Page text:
Serendeputy - your personal news assistant.

Welcome to Serendeputy!

Serendeputy is your personal news assistant.

Your deputy:
- learns what you like and don't like,
- lovingly compiles a list of news and blogs for you.

You can help your deputy learn by searching, clicking links and pressing the little smiley faces.
How it works.

What to do:
  1. Click links to teach your deputy
  2. Click smileys and frownies
  3. Find favorite topics and sources
  4. See how much better your deputy is getting at finding you good stuff.
  5. Sign in for free to save your profile, or please tell me why you won't.
National Geographic photographers are among the winners of Wildlife Photography of the Year.
From: National Geographic | By: Photograph by Michael Nichols | Friday, October 24, 2014
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A Silicon Valley vision: Instead of milking dairy cows, we could make milk in a lab with genetically engineered yeast.
From: National Geographic | By: Linda Qiu | Saturday, October 25, 2014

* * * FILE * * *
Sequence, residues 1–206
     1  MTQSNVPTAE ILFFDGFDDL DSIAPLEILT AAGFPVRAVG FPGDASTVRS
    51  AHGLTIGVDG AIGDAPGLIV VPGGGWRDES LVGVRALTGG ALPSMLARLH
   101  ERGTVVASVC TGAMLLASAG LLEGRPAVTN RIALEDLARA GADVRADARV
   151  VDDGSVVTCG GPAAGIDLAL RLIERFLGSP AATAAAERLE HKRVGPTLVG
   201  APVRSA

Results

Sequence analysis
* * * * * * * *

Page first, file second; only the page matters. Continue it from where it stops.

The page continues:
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An ancient Siberian man's DNA helps track humans' spread into Asia.
From: National Geographic | By: Dan Vergano | Saturday, October 25, 2014
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There are more ways than ever to make money writing about travel—from writing for third-party outlets (publications, websites) to working with travel-related companies such as luggage and clothing manufacturers, hotels, airlines, and tourism boards....
From: National Geographic | By: Don George | Thursday, October 23, 2014
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With the Keystone XL in limbo, a fight is brewing over another proposed pipeline that would carry oil-sands crude across Canada to the Atlantic coast.
From: National Geographic | By: Christina Nunez | Saturday, October 25, 2014
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An unprecedented drought is threatening São Paulo's water supply.
From: National Geographic | By: Brian Clark Howard | Saturday, October 25, 2014
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Purple robes swath a galaxy, shepherds dance above Saturn's rings, and fishing fleets outshine cities in this week's best space pictures.
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Sky-watchers eagerly anticipate a partial solar eclipse that will blanket much of United States and Canada in shadow.